Some gardeners were hotter than a pepper sprout this year
Published 11:36 am Thursday, September 28, 2023
Avid gardeners spend much of the winter studying their seed packets and imagining that what they started in a warm and secluded spot in their home would emerge in their garden come late spring, looking as green and robust as the professionally photographed image on the cover.
For avid growers of tomatoes, beans, squash, cukes and most other fruits and vegetables, life in the garden was pretty good, or as good as possible given the annual battle with pests and uncontrollable weather. Meanwhile, a storm was brewing in the peppers section of gardens.
Many of the pepper aficionados found their spicy corner of the garden knocked into a cocked hat.
The jalapeño plants grown from seed and transplanted in the garden often turned out not to be a jalapeño plant at all, but rather a pepper species of many different colors and tastes because of a mixup by seed companies at the national level. Gardeners nationwide were harvesting, but never sowed the seeds of, Hungarian wax, green bell, habañero, sweet banana peppers, and the list goes on.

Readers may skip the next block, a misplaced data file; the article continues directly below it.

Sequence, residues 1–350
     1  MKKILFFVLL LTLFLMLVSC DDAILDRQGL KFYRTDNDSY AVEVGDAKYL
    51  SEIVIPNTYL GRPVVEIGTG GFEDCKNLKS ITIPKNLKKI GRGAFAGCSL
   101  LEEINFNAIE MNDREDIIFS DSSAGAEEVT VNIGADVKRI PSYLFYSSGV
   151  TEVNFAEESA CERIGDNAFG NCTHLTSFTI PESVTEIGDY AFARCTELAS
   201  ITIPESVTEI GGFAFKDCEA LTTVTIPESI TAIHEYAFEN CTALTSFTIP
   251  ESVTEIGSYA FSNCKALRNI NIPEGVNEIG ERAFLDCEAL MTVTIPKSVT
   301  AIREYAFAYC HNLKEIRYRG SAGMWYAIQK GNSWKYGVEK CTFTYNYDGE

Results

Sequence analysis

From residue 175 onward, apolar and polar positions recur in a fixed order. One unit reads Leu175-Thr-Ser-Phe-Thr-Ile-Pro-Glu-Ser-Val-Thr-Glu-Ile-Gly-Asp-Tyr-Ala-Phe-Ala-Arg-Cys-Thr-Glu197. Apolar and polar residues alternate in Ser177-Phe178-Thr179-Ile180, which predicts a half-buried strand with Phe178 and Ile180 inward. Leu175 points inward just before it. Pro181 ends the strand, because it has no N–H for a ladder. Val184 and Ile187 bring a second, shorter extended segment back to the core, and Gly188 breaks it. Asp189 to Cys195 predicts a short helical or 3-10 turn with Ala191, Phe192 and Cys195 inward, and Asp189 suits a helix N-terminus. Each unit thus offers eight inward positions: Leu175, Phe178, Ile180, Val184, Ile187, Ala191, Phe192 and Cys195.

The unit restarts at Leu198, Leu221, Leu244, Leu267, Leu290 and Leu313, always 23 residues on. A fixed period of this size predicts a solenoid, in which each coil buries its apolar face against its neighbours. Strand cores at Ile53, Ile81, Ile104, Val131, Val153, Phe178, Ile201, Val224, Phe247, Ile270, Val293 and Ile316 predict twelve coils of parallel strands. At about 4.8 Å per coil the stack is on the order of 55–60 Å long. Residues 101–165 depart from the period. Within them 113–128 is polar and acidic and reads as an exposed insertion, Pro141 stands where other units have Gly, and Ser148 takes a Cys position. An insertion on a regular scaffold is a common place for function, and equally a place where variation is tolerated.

And the mixup included not only seed packets but also plant starts from big box stores and local garden centers leading some to believe that some mischief had occurred as a result of pranksters switching plant labels.
And just like that, we had “Jalapeñogate” or just plain “Peppergate.”
Eating hot peppers is, in my humble opinion, more of a regional thing than say tomatoes. Here in the South, most people like their food on the bland side as opposed to “kicking it up a notch.” The same can be said for other parts of the nation. New England food is about as lively as burnt toast while Southwesterners truly like it hot, probably because the jalapeño originated in Mexico and made its way into Texas and California and on into Arkansas and Oklahoma.
My mother’s garden in Arkansas was always about the size of Rhode Island, with a sizable portion devoted to jalapeños. She canned them, fried them, sliced them, garnished lots of dishes with them and tossed chopped-up bits into just about every pot of beans she cooked.
So I can imagine she would have been fit to be tied if what she planted in expectation of getting those bright green peppers instead produced bright yellow banana peppers or bland bell peppers. If you know much about peppers, you might say the jalapeño would be the life of the party and the banana pepper, a wallflower.
That’s the surprise thousands of gardeners got this season, leaving some of them, as Johnny Cash famously sang, “hotter than a pepper sprout.”
The seed companies were as transparent as a bucket of garden soil. One company said that some jalapeño seed packets had been mislabeled, but vendors have said little about how it happened.
It is, as a punny gardener might say, rooted in mystery.
Larry McDermott is a local retired farmer/journalist. Reach him at firstname.lastname@example.org